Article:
You may think of yoga as primarily a stretching exercise, but its benefits extend far beyond that. In fact, studies show the right yoga regimen may help breathing and lung function, offering promise to asthmatics and others with breathing difficulties and even lung and cardiopulmonary diseases.
This shouldn’t come as a surprise. Controlled breathing, and different types of breathwork, are integral to most forms of yoga. Those practices exercise specific muscles that aid in efficient inhalation and exhalation, offering benefits even after a yoga session.
Yogic breathwork can be slowed and controlled to accommodate even severely impacted patients. Whether you’re struggling with periodic asthma, COPD, or diminished lung capacity due to a disease such as cancer, you can find a yoga style and breathwork ideal for you.
Best Yoga Breathing for Lung Issues
The best place to start in making yoga work for you and your particular lung issues is by enlisting the help of an accomplished yoga teacher. Experienced teachers have many poses in their toolbox, including a range of exercises meant to expand the thoracic cavity and strengthen the core and diaphragm—your primary breathing muscle. Yoga instructors are also trained to accommodate practitioners of differing physical ability levels and ensure that students do not over exert themselves. Here are three of the best poses to do—in a class or at home—to improve lung function.
- Cobra. Lie on your stomach with your legs straight. Slowly raise your torso up using your arms. It’s okay if you can’t straighten your arms all the way. Hold for 5-10 seconds x 3 reps. This pose opens the chest allowing more space for lungs to expand, and strengthens the core to stabilizing inhale and exhale actions.
- Cat-Cow. Position yourself on all fours. Slowly and steadily pull in your core and hunch your back like a Halloween cat. Your head should come down and your eyes should be looking at your legs or torso. Hold for a pause at the top of the arch, then slowly reverse the movement to drop your abdomen toward the floor and create a dip in your back, with your head pulled up to look almost at the ceiling. The second motion opens your chest and spreads out the diaphragm, toning it and making more supple so that you can take deeper, richer breaths with less effort.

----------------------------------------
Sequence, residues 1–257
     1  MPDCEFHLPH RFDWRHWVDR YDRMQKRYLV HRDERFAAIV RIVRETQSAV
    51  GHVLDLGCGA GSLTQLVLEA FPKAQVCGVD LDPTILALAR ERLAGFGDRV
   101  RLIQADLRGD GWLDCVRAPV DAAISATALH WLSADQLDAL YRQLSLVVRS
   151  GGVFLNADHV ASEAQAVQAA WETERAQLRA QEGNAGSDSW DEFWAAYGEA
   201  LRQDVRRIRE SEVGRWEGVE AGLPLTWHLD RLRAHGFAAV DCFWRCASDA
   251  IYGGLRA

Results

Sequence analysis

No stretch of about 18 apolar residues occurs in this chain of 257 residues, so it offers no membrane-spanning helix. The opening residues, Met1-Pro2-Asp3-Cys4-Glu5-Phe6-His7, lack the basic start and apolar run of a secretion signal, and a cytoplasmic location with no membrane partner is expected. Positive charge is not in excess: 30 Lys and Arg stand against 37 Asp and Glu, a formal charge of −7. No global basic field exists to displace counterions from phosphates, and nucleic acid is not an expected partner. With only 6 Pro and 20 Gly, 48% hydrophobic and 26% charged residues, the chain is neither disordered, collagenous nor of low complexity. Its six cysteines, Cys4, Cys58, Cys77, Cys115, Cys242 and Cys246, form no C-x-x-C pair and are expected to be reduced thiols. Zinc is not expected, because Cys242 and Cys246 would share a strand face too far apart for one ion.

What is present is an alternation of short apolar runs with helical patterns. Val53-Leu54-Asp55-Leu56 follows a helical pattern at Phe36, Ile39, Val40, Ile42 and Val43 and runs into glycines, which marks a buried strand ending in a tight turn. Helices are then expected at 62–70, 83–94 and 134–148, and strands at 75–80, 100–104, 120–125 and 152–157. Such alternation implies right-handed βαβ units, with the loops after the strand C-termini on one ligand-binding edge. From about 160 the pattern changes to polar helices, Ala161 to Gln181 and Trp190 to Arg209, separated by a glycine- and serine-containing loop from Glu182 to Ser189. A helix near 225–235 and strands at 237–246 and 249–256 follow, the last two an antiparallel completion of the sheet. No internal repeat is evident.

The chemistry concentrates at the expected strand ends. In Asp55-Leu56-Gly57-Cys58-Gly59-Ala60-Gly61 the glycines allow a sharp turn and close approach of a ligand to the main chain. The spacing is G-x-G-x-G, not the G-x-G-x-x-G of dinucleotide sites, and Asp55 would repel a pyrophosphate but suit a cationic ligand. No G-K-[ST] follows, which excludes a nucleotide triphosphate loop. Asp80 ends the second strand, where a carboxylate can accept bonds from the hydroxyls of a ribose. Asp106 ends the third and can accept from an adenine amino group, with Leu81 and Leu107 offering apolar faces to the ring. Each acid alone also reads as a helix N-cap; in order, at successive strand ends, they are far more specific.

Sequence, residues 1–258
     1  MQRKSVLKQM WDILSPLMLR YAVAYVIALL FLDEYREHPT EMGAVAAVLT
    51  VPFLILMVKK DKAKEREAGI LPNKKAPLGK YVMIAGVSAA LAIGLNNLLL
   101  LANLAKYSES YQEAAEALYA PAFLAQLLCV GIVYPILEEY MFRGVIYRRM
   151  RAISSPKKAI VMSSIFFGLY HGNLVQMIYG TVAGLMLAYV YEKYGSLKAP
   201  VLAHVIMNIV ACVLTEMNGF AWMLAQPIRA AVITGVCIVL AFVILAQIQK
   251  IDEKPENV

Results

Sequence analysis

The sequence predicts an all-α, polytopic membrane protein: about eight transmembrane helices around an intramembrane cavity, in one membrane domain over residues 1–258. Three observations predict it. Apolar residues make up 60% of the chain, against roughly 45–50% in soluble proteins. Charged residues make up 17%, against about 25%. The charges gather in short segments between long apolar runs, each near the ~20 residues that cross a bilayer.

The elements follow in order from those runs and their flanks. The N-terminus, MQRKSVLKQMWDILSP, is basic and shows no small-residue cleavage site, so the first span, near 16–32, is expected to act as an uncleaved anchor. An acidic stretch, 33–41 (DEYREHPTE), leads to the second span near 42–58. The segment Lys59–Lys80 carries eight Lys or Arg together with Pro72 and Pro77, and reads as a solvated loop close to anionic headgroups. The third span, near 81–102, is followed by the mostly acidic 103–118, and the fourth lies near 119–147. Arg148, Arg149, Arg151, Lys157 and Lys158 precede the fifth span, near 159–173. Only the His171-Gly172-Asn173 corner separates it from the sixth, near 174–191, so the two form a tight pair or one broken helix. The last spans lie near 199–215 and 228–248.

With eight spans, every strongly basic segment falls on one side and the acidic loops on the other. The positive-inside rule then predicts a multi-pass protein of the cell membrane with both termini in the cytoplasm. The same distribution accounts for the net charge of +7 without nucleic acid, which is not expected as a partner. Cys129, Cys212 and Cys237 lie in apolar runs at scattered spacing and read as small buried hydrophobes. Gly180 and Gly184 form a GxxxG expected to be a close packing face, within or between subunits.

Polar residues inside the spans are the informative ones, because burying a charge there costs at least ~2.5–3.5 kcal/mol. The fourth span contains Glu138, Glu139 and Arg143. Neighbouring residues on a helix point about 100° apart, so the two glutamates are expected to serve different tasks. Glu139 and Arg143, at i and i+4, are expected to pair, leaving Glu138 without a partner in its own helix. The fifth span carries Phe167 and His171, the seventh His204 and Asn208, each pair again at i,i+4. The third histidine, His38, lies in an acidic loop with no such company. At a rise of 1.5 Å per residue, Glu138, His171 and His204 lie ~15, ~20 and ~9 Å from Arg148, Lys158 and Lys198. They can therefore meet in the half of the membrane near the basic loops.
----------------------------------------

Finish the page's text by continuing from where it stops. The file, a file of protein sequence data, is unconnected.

- Camel (or Modified Camel). This can be a challenging pose; don’t perform it if it takes you to the edge or your comfort zone or if it causes you pain. Kneel on both knees with your back straight, and your toes bent into the yoga mat. Slowly lean back while reaching back with your arms to steady yourself with your fingers on your calves. Slowly lean until your back is arched back and you’re staring upward with your hands holding your ankles. If the full pose is too much, you can put your hands on your hips and lean back as much as you feel comfortable doing. In any case, the pose will open the thoracic cavity allowing for greater expansion of the diaphragm and lungs, and a greater volume of air intake. Try 10 seconds x 1.
Depending on the type of yoga you’re doing, the routine may include focused breathwork, like the “breath of fire.” Many yoga breathing techniques can, in and of themselves, increase lung capacity and suppleness.
Regardless, always consult your primary care professional before starting a new yoga practice, or attempting any individual poses. Do not attempt these poses if you have hip, knee, or wrist issues. Be careful not to overexert during yoga activities; you should never be out of breath.